The National Business Aviation Association (NBAA) welcomed House subcommittee passage of the Transportation Security Administration (TSA) Administration Authorization Act of 2011, which would allow increased industry input toward airspace governance and other TSA policies impacting companies that rely on business aircraft.
“We commend the House subcommittee leaders for passing this legislation, which gives business aviation a greater voice in the security policies that impact our industry,” said NBAA President and CEO Ed Bolen.
The legislation passed out of the House Homeland Security Subcommittee on Wednesday by a 6–3 vote. If approved by the full House, the Senate and the president, the bill would create an Aviation Security Advisory Committee that would include a subgroup specifically derived from organizations representing general aviation.
Additionally, within a year of enactment, the bill would require the TSA to develop procedures and protocols to permit business aircraft operators access to airspace closed by temporary flight restrictions. Such airspace, usually surrounding a traveling dignitary and major sporting events, has for the past decade since 9/11 been closed to virtually all civilian traffic. The subcommittee’s bill calls for reopening that airspace to general aviation under some circumstances, as long as doing so does not affect security.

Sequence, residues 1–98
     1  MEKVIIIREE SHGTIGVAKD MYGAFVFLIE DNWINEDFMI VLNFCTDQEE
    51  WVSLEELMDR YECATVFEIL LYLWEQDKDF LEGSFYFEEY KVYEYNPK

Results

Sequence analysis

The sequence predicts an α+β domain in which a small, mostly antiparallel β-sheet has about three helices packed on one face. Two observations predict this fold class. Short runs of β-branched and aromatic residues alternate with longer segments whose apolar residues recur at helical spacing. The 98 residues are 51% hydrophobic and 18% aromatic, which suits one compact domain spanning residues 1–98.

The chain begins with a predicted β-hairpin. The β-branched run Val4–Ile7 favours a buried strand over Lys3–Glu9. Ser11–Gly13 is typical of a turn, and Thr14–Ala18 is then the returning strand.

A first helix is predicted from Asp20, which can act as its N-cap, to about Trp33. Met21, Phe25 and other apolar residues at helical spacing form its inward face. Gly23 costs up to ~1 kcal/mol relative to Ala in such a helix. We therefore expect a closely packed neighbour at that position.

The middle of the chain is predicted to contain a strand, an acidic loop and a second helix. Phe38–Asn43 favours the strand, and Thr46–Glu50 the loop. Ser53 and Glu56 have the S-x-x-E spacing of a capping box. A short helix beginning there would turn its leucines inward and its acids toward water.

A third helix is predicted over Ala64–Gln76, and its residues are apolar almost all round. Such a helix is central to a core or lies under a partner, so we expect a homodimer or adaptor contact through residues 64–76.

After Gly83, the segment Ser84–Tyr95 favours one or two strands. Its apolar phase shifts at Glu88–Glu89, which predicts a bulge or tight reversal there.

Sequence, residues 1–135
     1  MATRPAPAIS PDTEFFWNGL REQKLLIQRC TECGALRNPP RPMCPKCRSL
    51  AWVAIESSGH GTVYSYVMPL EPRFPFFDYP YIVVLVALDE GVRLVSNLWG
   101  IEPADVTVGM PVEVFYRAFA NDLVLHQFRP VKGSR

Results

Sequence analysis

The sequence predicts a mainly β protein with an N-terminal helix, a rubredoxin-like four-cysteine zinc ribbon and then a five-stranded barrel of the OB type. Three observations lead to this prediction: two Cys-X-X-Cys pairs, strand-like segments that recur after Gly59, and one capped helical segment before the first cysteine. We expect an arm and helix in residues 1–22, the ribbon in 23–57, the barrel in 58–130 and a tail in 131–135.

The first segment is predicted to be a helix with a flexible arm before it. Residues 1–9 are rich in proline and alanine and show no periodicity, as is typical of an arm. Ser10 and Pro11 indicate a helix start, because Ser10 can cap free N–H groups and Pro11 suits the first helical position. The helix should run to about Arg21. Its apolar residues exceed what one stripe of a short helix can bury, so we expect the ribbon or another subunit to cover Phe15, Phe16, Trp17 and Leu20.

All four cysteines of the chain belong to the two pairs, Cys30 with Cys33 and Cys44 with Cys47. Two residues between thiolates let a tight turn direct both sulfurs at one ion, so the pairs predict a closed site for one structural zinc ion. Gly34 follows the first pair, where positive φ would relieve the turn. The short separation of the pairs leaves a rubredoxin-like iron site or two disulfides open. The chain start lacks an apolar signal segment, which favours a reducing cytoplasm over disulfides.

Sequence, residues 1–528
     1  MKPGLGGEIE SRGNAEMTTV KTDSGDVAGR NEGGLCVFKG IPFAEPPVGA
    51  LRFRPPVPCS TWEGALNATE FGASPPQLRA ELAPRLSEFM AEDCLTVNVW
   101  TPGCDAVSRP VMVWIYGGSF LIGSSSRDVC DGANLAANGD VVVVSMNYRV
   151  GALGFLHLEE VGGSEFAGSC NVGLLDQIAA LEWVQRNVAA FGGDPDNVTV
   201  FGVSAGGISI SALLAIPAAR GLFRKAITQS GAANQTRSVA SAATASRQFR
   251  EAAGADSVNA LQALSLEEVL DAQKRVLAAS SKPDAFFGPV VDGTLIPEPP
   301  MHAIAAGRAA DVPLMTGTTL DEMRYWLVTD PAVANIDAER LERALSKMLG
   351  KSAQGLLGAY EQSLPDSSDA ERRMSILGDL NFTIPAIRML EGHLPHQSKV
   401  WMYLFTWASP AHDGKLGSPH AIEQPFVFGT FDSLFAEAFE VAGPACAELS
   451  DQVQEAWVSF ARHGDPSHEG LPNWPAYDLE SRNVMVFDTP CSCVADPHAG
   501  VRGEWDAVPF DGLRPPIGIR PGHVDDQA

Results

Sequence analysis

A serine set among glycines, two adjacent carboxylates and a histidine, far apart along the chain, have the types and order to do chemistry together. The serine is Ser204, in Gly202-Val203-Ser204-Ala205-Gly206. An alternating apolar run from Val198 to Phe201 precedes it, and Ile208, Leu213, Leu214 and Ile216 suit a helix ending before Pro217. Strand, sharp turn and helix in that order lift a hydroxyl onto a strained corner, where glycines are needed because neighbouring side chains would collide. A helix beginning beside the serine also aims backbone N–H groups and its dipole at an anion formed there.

The measure also contains an amendment, included by Subcommittee Chairman Mike Rogers (R-8-AL), aimed at bringing consistency to the TSA’s use of “security directives” (SDs). That issue was the subject of a letter sent to Chairman Rogers on September 13 by a coalition of aviation groups including NBAA, the Aircraft Owners and Pilots Association, the Air Transport Association, the Airports Council International, the General Aviation Manufacturers Association and the National Air Transportation Association.
“We support your amendment to the Transportation Security Authorization Act of 2011 on the issuance of security directives,” the letter to Chairman Rogers states. “While we agree that TSA needs the ability to issue security directives (SDs), we believe that regulatory option should be strictly reserved for situations involving an immediate threat, as is stipulated in the Aviation and Transportation Security Act (ATSA) and in current TSA security regulations. We do not believe that Congress intended to provide TSA such latitude that it could issue SDs absent an identified threat.”
“Security has always been a top priority for business aviation, and in the years since 9/11, the industry and government have collaborated on a host of measures to further protect against security vulnerabilities without jeopardizing mobility and flexibility,” Bolen said. “The measure passed by the House Subcommittee supports this effective approach to security policy, and we look forward to supporting its full passage by Congress.”